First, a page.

ECE 449 - Power Systems Laboratory

# Experiment 2: Power Factor Correction

## Objectives

To understand the power diagram, active, reactive, apparent power, power factor correction and the effect on transmission line losses.

## PreLab:

Download and Install PowerWorld on your computer.  Create an oneline Diagram with a transmission line and a series R-L Load connected to a generator.  Place a variable capacitor across the load.  Run the program and debug any issues.  Values you’ll need to enter for the generator, transmission line and loads are given in the appendix on Power world.  Submit your one-line diagram file via Moodle.

## Theory

The relevant theory related to real, reactive, and apparent power should be reviewed in your ECE 231 book before doing the experiment.  The following ―in quote is taken from Wikipedia.org  http://en.wikipedia.org/wiki/Apparent_power  under the Creative Commons Attribution-ShareAlike License

In a simple alternating current (AC) circuit consisting of a source and a linear load, both the current and voltage are  sinusoidal. If the load is purely resistive, the two quantities reverse their polarity at the same time. At every instant the product of voltage and current is positive, indicating that the direction of energy flow does not reverse. In this case, only real power is transferred.

If the load is purely reactive, then the voltage and current are 90 degrees out of phase. For half of each cycle, the product of voltage and current is positive, but on the other half of the cycle, the product is negative, indicating that on average, exactly as much energy flows toward the load as flows back. There is no net energy flow over one cycle. In this case, only reactive energy flows—there is no net transfer of energy to the load.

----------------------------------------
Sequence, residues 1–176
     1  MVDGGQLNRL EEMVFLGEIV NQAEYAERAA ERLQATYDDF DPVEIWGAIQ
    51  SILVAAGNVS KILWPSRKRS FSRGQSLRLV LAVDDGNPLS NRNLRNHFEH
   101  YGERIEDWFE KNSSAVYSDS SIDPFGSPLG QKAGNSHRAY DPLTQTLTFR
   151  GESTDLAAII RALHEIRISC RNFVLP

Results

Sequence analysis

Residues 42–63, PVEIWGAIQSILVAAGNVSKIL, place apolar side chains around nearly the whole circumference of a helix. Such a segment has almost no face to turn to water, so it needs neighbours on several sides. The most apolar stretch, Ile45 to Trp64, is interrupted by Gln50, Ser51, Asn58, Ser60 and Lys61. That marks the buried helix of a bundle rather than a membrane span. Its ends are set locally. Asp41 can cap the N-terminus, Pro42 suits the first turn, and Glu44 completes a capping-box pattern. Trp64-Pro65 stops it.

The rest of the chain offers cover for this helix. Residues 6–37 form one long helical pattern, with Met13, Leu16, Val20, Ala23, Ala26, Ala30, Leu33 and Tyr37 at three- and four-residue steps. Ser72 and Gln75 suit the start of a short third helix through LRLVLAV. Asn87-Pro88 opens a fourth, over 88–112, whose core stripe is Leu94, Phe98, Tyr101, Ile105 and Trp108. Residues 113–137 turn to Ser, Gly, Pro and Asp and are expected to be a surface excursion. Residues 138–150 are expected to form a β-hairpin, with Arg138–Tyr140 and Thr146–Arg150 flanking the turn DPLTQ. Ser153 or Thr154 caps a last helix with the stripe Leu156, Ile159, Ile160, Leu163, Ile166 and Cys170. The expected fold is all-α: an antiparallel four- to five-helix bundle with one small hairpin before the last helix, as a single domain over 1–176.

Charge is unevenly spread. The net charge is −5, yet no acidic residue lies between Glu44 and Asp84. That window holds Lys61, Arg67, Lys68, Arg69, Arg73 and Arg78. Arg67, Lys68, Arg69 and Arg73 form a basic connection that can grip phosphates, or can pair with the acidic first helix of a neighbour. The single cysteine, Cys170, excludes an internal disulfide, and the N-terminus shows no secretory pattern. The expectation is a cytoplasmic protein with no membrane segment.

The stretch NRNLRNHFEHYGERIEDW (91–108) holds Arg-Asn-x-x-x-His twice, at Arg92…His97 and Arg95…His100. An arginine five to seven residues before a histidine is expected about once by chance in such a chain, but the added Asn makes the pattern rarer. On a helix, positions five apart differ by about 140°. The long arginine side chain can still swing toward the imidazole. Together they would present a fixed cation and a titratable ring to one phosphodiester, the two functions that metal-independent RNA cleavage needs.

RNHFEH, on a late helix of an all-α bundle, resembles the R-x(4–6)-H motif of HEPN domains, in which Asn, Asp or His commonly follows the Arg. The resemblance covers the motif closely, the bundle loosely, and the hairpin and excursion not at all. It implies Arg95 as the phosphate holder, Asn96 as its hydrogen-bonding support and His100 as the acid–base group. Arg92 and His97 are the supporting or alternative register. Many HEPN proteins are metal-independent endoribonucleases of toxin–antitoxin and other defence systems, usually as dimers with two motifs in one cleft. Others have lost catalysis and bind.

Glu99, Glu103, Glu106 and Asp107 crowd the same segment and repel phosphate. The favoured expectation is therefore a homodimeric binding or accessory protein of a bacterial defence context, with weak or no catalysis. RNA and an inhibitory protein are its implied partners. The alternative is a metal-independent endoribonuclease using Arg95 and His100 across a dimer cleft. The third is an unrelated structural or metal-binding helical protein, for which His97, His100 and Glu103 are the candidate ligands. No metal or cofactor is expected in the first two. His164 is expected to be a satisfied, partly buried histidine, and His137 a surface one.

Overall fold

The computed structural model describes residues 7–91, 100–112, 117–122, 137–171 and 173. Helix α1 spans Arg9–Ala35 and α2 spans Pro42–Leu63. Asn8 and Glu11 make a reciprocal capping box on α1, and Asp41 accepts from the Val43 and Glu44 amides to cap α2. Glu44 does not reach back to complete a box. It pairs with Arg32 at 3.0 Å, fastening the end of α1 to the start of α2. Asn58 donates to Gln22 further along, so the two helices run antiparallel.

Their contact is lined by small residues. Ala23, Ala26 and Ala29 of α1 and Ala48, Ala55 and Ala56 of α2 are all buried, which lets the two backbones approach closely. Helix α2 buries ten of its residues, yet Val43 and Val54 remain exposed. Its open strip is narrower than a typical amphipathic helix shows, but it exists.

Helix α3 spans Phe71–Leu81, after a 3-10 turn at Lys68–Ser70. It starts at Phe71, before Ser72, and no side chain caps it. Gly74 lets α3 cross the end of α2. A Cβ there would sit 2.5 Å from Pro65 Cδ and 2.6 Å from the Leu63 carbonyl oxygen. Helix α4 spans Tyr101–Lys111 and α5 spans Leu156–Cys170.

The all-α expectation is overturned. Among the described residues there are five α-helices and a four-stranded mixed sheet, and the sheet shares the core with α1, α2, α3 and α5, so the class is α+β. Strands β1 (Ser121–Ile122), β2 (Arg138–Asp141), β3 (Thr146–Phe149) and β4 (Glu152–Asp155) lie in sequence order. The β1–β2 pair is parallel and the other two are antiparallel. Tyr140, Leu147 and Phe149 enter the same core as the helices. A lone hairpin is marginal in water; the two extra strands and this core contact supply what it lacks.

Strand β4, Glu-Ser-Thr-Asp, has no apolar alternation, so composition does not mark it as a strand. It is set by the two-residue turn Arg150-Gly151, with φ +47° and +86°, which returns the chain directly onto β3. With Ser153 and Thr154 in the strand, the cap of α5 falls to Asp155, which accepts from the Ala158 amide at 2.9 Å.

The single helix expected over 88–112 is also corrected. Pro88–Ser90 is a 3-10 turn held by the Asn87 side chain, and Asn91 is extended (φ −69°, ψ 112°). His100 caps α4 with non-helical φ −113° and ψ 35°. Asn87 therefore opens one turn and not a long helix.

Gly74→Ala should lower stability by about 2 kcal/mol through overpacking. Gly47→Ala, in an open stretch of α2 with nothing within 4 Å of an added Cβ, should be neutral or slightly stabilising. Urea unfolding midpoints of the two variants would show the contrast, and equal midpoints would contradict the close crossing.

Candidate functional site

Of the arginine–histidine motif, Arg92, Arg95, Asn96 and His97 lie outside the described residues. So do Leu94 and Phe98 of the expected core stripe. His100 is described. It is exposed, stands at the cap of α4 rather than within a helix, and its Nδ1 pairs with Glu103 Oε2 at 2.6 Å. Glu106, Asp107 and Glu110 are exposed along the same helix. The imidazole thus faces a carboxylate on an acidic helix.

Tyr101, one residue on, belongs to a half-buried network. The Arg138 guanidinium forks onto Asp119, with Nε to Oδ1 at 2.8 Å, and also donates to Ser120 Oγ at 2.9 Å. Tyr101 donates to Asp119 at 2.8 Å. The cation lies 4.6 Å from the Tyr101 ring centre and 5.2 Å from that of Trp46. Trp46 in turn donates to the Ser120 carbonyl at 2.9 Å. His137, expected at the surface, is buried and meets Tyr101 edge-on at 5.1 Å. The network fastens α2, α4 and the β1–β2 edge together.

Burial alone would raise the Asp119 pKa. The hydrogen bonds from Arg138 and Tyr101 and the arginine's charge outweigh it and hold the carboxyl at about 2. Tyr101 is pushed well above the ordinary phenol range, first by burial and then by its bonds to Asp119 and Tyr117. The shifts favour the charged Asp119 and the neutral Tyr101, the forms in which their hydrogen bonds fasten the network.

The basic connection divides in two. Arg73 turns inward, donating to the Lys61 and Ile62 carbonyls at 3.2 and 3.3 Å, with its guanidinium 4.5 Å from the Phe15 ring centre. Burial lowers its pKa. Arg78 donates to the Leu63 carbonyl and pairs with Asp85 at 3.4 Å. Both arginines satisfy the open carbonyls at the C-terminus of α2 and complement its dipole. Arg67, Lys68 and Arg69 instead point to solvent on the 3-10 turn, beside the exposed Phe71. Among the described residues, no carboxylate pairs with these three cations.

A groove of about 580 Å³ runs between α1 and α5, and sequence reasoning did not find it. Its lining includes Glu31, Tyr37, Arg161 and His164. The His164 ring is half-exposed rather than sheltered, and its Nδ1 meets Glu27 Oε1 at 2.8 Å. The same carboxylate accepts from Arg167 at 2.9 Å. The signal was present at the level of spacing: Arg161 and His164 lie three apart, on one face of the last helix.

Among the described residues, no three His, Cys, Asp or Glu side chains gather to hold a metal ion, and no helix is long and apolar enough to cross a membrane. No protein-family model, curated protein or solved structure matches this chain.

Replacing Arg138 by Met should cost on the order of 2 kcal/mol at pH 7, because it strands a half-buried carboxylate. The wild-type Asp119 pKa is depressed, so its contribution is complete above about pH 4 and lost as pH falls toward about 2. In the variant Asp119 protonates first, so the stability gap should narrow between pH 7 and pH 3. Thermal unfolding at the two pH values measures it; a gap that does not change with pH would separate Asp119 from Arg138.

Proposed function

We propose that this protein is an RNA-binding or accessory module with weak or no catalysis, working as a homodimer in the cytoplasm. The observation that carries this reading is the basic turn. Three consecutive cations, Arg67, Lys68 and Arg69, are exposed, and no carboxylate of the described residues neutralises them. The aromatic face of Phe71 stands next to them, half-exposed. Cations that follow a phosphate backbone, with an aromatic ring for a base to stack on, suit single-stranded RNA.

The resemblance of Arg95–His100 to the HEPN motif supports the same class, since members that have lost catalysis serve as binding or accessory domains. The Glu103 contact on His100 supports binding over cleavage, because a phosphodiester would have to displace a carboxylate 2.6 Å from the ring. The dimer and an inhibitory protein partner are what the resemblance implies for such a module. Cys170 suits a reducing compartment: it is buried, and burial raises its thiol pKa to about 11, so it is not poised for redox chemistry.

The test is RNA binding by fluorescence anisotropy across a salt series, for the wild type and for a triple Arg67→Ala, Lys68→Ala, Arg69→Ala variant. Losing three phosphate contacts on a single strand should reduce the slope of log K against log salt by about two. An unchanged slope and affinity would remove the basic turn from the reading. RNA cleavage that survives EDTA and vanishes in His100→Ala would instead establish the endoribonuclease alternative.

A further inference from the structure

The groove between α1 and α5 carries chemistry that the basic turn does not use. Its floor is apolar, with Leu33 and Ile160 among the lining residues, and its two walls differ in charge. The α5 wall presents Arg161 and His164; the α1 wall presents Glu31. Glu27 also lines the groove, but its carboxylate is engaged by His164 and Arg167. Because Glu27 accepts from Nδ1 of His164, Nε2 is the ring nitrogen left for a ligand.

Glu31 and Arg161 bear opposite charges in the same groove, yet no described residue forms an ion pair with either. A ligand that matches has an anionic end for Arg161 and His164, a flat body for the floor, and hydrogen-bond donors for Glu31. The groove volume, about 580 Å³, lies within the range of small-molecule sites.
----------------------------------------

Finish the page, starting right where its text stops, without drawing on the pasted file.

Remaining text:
Practical loads have resistance, inductance, and capacitance, so both real and reactive power will flow to real loads. Power engineers measure apparent power as the vector sum of real and reactive power. Apparent power is the product of the root-mean-square (rms) voltage and current.

Engineers care about apparent power, because even though the current associated with reactive power does no work at the load, it heats the wires, wasting energy. Conductors, transformers and generators must be sized to carry the total current, not just the current that does useful work.

Another consequence is that adding the apparent power for two loads will not accurately give the total apparent power unless they have the same displacement between current and voltage (the same power factor).

If a capacitor and an inductor are placed in parallel, then the currents flowing through the inductor and the capacitor tend to cancel out rather than adding. Conventionally, capacitors are considered to generate reactive power and inductors to consume it. This is the fundamental mechanism for controlling the power factor in electric power transmission; capacitors (or inductors) are inserted in a circuit to partially cancel reactive power 'consumed' by the load.

Engineers use the following terms to describe energy flow in a system (and assign each of them a different unit to differentiate between them):

·      Real power (P) or active power [1]: watt [W]
·      Reactive power (Q):  volt-amperes reactive [Var]
·      Complex power (S): volt-ampere [VA]
·      Apparent Power (|S|), that is, the  absolute value of complex power S:  volt- ampere [VA]
·      Phase of Current (φ), the angle of difference (in degrees) between voltage and current; Current lagging Voltage (Quadrant I Vector), Current leading voltage

In the diagram, P is the real power, Q is the reactive power (in this case positive), S is the complex power and the length of S is the apparent power.

Reactive power does not transfer energy, so it is represented as the imaginary axis of the vector diagram. Real power moves energy, so it is the real axis.

The unit for all forms of power is the watt (symbol: W), but this unit is generally reserved for real power. Apparent power is conventionally expressed in  volt-amperes (VA) since it is the product of rms voltage and rms  current. The unit for reactive power is expressed as var, which stands for volt-amperes reactive. Since reactive power transfers no net energy to the load, it is sometimes called "wattless" power. It does, however, serve an important function in electrical grids and its lack has been cited as a significant factor in the Northeast Blackout of 2003.[2]

Understanding the relationship between these three quantities lies at the heart of understanding power engineering. The mathematical relationship among them can be represented by vectors or expressed using complex numbers, S = P + jQ (where j is the imaginary unit).